mysticism


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Related to mysticism: Sufism, Islamic Mysticism

mys·ti·cism

 (mĭs′tĭ-sĭz′əm)
n.
1.
a. Belief in direct experience of transcendent reality or God, especially by means of contemplation and asceticism instead of rational thought.
b. Such experience had by an individual.
2. Belief in the existence of realities beyond perceptual or intellectual apprehension that are directly accessible by subjective experience: belief in séances, astral projection, and similar mysticism.
3. Belief that is not based on evidence or subjected to criticism: "[When] grappling with the evils they have themselves exposed ... these lifelong Marxists drift off into vague mysticism and into worship of personality" (I.F. Stone).

mysticism

(ˈmɪstɪˌsɪzəm)
n
1. belief in or experience of a reality surpassing normal human understanding or experience, esp a reality perceived as essential to the nature of life
2. (Theology) a system of contemplative prayer and spirituality aimed at achieving direct intuitive experience of the divine
3. obscure or confused belief or thought

mys•ti•cism

(ˈmɪs təˌsɪz əm)

n.
1. the beliefs, ideas, or mode of thought of mystics.
2. the doctrine of an immediate spiritual intuition of truths believed to transcend ordinary understanding, or of a direct, intimate union of the soul with God through contemplation or spiritual ecstasy.
3. obscure thought or speculation.
[1730–40]

Mysticism


the mystical teachings of Jakob Boehme (1575-1624), an influence on George Fox and Quakerism. — Boehmenist, Boehmist, Boehmenite, n.
the mystical theories of Antoinette Bourignon (1616-80), popular in the Netherlands and in Scotland.
the beliefs and practices of pre-Christian and early Christian sects, condemned by the church, especially the conviction that matter is evil and that knowledge is more important than faith, and the practice of esoteric mysticism. — Gnostic, n., adj.
1. the occult concepts, ideas, or philosophy set forth in the writings of the hermeticists of the late Middle Ages and the early Renaissance.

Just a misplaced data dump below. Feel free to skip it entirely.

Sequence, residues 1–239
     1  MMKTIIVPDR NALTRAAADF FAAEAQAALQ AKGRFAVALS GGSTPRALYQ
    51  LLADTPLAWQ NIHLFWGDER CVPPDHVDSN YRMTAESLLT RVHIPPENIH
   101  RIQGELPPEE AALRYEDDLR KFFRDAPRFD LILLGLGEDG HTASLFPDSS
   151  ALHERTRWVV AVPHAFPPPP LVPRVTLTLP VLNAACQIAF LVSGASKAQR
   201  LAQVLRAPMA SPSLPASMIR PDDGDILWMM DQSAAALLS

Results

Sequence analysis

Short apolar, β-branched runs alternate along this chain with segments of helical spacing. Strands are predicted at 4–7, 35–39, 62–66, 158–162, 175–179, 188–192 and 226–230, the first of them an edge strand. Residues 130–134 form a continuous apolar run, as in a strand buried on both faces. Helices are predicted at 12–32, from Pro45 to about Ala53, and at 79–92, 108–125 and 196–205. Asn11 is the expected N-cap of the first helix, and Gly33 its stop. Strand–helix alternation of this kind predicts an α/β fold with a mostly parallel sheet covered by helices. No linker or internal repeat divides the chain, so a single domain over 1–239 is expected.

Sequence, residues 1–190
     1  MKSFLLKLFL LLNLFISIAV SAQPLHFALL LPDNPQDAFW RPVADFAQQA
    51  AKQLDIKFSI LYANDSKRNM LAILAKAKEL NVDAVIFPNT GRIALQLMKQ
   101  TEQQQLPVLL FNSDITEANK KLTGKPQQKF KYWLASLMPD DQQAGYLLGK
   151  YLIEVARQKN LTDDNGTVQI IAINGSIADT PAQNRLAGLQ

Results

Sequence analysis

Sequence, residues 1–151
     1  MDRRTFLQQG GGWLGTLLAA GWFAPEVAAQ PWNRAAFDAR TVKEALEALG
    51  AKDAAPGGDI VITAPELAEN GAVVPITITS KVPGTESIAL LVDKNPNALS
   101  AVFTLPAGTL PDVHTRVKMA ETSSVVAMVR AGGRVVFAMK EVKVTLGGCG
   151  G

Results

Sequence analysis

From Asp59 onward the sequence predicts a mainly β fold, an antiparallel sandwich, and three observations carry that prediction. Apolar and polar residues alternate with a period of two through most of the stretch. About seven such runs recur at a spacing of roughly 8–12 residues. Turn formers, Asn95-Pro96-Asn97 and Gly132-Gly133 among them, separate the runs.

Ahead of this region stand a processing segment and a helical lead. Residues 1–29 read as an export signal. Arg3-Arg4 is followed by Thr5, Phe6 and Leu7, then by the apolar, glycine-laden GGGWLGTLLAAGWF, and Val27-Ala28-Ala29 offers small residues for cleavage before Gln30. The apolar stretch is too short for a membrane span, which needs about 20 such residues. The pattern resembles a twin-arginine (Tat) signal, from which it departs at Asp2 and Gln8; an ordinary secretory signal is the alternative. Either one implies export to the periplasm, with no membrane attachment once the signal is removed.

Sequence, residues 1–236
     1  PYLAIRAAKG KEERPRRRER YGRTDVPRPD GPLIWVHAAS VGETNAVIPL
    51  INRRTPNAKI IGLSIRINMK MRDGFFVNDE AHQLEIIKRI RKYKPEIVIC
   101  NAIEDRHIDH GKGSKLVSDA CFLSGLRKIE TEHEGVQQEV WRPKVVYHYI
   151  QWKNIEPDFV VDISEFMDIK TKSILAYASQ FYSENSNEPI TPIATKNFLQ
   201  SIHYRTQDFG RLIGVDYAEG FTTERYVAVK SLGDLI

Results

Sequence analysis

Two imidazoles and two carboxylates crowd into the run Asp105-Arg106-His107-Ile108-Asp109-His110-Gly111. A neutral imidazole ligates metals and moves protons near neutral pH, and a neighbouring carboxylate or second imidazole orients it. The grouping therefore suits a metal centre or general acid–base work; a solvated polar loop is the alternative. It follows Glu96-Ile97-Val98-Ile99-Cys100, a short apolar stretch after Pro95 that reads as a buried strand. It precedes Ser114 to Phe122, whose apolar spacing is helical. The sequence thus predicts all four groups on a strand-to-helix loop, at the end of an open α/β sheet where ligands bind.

2. adherence to, belief in, or propagation of these concepts and ideas.
3. Literature. a symbolic and arcane style similar to that of the hermeticists, especially in the poetry of certain French symbolist poets. — hermeticist, hermetist, n. — hermetic, hermetical, adj.
the doctrine that knowledge of the Absolute is within human reach, but through a higher religious consciousness rather than by logical processes. See also god and gods. — metagnostic, adj.
1. the principles, doctrines, and practices of mysticism.
2. the interpretation of mysteries, as the Eleusinian. — mystagogue, n. — mystagogic, mystagogical, adj.
a teacher of mystical doctrines.
the practice of staring at one’s navel to induce a mystical trance. Also called omphaloskepsis. — omphalopsychite, n.
the Gnostic concept of the spiritual world, representing the fullness of the Divine Being and the eons emanating therefrom.
1. any of various forms of philosophical or religious thought claiming a mystical insight into the divine nature and natural phenomena.
2. (cap.) the system of belief and practice of the Theosophical Society. — theosophist, n. — theosophical, adj.
ThesaurusAntonymsRelated WordsSynonymsLegend:
Noun1.mysticism - a religion based on mystical communion with an ultimate realitymysticism - a religion based on mystical communion with an ultimate reality
faith, religion, religious belief - a strong belief in a supernatural power or powers that control human destiny; "he lost his faith but not his morality"